Now there's some countries that will never have that process, just like there are some countries that will never have oversight of their intelligence operations and will never admit they even do them. But I think the more countries that do, the safer we are.
And that doesn't mean that you release all the vulnerabilities you know about, because it would be unilateral disarmament, as I think someone in the White House said recently. And there are good reasons to maintain some of those for various reasons. But it means really leaning toward the network security side, and you're making sure that that ecosystem is secure.
GREG MORRISETT: Just a couple more. Yep?
AUDIENCE: Thank you. I was wondering if you could elaborate a little bit on where you come down on the issue of end-to-end encryption and balancing between the interests of law enforcement and privacy. Because this is obviously a very contentious issue right now with the US v. Apple case, which was not resolved because the FBI dropped the case. And law enforcement agencies wanting to build in back door to this, and companies potentially have a lot of power to either give or deny access. Where do you think--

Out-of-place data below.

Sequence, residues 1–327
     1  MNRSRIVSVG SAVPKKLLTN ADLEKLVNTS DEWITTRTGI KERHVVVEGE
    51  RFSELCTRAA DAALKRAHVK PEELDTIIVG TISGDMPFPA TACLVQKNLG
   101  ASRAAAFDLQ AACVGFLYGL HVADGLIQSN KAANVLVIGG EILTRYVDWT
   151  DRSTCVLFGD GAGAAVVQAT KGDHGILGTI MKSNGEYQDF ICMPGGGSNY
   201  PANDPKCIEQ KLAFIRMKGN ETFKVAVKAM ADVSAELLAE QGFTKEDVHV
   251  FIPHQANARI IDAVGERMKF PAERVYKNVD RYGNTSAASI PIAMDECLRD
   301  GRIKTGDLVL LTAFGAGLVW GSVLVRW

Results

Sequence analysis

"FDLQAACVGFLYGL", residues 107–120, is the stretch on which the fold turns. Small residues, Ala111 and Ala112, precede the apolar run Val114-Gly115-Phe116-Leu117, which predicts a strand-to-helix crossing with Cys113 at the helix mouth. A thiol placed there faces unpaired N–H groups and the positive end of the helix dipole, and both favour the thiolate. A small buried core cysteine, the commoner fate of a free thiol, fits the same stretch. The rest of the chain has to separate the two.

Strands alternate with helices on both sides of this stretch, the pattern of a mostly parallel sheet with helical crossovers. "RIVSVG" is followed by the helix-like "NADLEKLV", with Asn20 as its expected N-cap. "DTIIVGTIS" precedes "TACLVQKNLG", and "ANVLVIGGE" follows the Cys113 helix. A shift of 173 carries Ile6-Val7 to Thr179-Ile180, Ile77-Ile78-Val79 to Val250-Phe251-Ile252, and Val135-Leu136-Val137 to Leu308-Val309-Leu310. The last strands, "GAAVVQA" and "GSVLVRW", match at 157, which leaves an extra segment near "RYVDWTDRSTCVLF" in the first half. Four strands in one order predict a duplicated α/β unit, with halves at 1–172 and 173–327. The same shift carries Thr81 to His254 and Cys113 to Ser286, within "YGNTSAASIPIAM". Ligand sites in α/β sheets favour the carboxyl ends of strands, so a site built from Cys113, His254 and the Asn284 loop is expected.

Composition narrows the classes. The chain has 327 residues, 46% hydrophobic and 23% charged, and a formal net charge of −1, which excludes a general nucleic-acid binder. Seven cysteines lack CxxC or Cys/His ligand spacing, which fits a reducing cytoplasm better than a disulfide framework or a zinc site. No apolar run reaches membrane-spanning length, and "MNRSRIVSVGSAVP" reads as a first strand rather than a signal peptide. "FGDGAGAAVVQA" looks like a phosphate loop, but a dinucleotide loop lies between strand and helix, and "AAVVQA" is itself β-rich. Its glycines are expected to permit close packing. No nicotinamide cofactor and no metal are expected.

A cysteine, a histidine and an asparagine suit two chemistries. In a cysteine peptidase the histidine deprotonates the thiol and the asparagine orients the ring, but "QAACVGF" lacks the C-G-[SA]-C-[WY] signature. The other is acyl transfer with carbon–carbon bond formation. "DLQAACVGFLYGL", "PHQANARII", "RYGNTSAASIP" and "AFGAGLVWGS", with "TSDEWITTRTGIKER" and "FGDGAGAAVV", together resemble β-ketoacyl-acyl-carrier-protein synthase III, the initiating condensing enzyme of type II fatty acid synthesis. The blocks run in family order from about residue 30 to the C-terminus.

CHRISTOPHER PAINTER: Well, I mean, this is a technical and policy question. I think I tried to say this before, that if I knew the answer to this, I'd probably would be a rich man, but I don't. And I think there are two really compelling interests.
It is true that encryption is good for privacy. It is true that encryption is good for network security. It is true that if you build certain kinds of back doors in that they could be exploited by the bad guys too.
On the other hand, if you have evidence-- let's say you had an attack, and a phone or email message or whatever it is gave you evidence of other people who are planning future attacks. You want law enforcement to have that information. So how can you achieve both things? And there really hasn't been a good solution to that.